The Michigan Wolverines men's ice hockey team is the college ice hockey team that represents the University of Michigan in Ann Arbor, Michigan. Earning varsity status in 1922, the program has completed its 91st season. Until the 2012-13 season, the school's team competed in the Central Collegiate Hockey Association, although it competed in the Western Collegiate Hockey Association between 1959 and 1981. Beginning in the 2013-14 season, the Wolverines will compete in the new Big Ten conference. From 1991-2012, the team played in 22 consecutive NCAA Men's Division I Ice Hockey Tournaments; this is an NCAA record. The Wolverines have won an NCAA-record nine Division I NCAA Men's Ice Hockey Championships, seven of which came during a 17-year stretch between 1948 and 1964. Two more championships were won under current head coach Red Berenson in 1996 and 1998.
Michigan has had many successes as a program including a record-setting number of championships, total championship tournament appearances, and consecutive tournament appearances. In 2010, Michigan hosted a Guinness verified world record crowd in excess of 113,000 in an event known as The Big Chill. Players from the program have earned numerous honors, professional championships, international championships, individual statistical championships, team and individual records. The team is currently led by Berenson, who for nearly fifty years has continued to hold the school single-season goal scoring record, and who was the second player in the program's history to win the Stanley Cup. The program has dozens of National Hockey League alumni and over twenty current players. Their traditional rival is Michigan State and the teams have played an annual game at the Joe Louis Arena since 1990.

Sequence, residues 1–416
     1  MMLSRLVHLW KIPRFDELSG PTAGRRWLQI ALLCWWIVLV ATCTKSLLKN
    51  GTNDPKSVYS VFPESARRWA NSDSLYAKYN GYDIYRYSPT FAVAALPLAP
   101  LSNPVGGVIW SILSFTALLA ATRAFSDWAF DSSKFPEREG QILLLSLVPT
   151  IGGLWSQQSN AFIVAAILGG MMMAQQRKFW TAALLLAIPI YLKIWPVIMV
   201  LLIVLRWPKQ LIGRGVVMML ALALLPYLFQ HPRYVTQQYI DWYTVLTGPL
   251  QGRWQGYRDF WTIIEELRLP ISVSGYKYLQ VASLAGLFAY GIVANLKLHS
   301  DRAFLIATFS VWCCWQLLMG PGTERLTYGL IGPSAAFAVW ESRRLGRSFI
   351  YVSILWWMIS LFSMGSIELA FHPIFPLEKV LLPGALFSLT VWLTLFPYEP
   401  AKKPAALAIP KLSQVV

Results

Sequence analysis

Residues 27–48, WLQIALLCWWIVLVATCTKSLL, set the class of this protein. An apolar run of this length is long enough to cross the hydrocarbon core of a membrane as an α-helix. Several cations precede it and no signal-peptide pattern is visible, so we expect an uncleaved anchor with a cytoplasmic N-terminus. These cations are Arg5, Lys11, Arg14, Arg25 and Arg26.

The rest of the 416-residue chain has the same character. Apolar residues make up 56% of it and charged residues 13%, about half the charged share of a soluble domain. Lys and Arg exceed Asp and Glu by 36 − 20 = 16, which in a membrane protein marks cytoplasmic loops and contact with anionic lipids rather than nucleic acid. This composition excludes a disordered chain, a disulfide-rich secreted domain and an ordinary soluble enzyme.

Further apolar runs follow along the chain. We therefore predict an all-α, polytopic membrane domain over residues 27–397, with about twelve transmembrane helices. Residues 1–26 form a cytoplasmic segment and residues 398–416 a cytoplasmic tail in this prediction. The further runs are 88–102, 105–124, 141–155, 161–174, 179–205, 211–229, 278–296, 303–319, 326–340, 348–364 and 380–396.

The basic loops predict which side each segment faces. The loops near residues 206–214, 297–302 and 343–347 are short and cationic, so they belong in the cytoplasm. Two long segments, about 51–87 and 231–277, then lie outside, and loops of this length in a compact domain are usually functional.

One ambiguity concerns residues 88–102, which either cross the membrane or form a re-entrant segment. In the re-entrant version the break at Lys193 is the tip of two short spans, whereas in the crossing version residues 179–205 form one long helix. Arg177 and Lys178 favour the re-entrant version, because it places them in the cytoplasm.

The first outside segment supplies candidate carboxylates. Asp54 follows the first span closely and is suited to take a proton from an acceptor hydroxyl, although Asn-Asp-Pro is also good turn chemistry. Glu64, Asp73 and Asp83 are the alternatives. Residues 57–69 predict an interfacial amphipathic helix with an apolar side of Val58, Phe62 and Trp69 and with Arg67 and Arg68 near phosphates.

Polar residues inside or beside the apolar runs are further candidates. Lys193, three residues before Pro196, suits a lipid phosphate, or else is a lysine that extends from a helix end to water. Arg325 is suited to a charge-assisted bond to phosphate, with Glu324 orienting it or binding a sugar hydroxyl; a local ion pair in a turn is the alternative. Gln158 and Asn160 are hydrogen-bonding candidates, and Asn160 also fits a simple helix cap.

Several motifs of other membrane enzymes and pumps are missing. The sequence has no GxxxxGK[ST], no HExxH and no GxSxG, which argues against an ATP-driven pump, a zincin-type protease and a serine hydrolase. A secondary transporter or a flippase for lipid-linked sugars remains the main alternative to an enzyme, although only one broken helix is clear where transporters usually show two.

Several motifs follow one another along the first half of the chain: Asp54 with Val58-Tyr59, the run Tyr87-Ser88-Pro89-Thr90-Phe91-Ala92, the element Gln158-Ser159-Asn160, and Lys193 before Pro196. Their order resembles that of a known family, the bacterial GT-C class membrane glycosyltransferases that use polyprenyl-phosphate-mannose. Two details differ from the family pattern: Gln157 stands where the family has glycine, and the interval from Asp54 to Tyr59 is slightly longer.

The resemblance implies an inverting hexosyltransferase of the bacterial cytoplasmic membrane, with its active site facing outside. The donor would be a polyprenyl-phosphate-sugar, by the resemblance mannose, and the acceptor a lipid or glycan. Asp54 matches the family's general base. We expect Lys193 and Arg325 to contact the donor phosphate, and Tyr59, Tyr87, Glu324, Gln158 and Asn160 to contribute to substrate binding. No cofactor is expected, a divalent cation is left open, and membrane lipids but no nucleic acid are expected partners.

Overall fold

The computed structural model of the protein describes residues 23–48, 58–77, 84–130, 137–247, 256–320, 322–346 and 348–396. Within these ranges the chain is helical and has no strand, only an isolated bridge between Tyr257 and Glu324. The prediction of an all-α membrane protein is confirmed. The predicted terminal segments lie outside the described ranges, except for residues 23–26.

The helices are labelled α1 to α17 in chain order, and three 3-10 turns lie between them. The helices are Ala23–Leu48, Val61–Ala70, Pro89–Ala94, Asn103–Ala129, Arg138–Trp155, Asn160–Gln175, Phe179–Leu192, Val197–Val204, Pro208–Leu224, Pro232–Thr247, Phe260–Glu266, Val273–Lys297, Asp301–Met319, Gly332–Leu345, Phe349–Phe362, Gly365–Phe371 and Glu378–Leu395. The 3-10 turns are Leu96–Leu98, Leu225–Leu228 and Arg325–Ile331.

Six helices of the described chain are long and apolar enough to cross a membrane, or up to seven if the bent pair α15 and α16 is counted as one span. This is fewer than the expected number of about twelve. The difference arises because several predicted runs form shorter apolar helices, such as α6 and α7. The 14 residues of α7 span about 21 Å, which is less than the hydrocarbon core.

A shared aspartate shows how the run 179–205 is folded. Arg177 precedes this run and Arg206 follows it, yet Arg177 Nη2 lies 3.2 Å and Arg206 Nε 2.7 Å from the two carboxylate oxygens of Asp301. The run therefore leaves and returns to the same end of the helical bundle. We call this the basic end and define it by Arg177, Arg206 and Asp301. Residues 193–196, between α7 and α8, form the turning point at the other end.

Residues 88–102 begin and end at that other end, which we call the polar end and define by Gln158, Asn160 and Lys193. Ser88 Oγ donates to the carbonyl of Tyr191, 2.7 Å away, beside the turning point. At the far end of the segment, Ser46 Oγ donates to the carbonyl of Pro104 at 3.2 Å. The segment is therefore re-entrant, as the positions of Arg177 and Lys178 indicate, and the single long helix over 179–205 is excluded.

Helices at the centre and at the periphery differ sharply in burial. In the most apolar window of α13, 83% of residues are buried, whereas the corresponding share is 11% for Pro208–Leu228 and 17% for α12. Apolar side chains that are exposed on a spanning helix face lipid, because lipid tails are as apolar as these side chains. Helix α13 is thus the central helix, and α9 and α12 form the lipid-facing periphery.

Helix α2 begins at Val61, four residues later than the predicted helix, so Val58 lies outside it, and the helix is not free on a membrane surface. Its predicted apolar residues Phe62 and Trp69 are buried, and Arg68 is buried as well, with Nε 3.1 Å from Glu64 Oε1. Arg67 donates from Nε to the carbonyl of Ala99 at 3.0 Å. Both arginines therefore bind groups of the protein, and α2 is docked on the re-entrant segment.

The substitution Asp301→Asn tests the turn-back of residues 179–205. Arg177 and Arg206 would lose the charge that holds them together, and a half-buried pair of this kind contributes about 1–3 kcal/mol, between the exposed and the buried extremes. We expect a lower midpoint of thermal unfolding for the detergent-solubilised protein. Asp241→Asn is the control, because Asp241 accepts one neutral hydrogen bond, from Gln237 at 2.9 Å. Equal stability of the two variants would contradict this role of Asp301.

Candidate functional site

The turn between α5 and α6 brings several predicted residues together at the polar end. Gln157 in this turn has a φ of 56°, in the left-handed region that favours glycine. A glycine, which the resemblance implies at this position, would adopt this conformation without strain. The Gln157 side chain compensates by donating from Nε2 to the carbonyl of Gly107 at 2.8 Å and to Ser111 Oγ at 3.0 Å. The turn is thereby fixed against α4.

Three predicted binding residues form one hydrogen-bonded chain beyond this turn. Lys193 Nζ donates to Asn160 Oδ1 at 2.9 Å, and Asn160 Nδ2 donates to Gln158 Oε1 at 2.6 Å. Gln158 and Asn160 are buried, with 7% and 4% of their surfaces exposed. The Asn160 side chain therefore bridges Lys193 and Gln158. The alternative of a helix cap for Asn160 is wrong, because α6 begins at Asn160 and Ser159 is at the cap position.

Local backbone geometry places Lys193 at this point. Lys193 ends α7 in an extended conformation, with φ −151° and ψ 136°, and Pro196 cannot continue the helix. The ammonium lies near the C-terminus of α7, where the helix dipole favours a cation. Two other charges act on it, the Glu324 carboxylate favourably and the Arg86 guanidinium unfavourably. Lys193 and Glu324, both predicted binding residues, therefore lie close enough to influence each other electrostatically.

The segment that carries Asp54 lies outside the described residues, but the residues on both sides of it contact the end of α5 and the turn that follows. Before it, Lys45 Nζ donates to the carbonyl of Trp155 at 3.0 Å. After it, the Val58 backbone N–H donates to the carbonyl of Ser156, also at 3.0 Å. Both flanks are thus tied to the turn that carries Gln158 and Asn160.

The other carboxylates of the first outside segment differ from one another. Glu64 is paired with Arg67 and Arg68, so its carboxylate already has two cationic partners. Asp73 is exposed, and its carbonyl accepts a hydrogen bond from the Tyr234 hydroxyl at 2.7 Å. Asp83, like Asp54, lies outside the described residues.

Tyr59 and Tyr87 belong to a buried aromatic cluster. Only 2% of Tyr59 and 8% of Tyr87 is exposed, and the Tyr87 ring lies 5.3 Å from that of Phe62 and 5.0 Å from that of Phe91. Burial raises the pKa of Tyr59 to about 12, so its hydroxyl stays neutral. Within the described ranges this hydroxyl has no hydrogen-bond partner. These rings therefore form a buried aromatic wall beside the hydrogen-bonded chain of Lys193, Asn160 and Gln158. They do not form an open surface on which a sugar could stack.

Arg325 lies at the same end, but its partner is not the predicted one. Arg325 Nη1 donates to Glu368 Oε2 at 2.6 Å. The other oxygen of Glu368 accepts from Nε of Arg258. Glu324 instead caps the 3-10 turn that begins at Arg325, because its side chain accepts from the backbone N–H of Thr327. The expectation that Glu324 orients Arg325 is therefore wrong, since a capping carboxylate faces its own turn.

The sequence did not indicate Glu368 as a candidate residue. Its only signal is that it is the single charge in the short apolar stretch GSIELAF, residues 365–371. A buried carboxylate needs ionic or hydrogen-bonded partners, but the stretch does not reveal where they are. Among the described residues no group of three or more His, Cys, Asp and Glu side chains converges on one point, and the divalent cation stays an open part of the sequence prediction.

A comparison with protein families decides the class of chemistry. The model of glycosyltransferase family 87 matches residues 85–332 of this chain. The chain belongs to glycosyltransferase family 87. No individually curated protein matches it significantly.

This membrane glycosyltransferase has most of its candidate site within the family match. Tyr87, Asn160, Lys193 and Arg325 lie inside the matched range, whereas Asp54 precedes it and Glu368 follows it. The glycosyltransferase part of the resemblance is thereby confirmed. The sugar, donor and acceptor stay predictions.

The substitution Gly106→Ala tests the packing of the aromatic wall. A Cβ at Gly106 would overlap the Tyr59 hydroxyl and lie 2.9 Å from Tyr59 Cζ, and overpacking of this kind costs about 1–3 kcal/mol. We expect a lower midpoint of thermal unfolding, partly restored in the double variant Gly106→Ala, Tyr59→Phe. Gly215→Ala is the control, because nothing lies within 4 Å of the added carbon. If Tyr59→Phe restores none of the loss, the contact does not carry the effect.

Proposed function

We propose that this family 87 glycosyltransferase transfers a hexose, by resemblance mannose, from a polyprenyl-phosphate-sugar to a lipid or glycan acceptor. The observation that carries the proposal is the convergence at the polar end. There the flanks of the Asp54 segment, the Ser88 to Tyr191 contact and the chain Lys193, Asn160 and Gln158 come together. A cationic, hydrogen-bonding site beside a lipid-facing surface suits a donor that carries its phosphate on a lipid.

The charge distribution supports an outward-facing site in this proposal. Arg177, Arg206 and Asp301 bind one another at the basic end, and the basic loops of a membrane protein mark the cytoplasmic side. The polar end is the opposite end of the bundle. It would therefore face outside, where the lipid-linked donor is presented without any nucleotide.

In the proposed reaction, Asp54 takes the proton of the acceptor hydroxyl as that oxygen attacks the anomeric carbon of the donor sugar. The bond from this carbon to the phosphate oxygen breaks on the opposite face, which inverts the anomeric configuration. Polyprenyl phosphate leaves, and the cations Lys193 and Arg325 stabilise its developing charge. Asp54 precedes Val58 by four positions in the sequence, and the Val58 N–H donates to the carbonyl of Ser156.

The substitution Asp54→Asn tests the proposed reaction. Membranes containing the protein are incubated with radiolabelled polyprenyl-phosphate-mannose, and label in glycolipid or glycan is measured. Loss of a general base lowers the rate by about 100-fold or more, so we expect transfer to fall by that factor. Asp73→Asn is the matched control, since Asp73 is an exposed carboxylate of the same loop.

Famous quotes containing the words ice and/or men:
“I know the ice in your drink is senile.
I know your smile will develop a boil.
You know only that you are on top,
swinging like children on the money swing....”
—Anne Sexton (19281974)
“Men have defined the parameters of every subject. All feminist arguments, however radical in intent or consequence, are with or against assertions or premises implicit in the male system, which is made credible or authentic by the power of men to name.”
—Andrea Dworkin (b. 1946)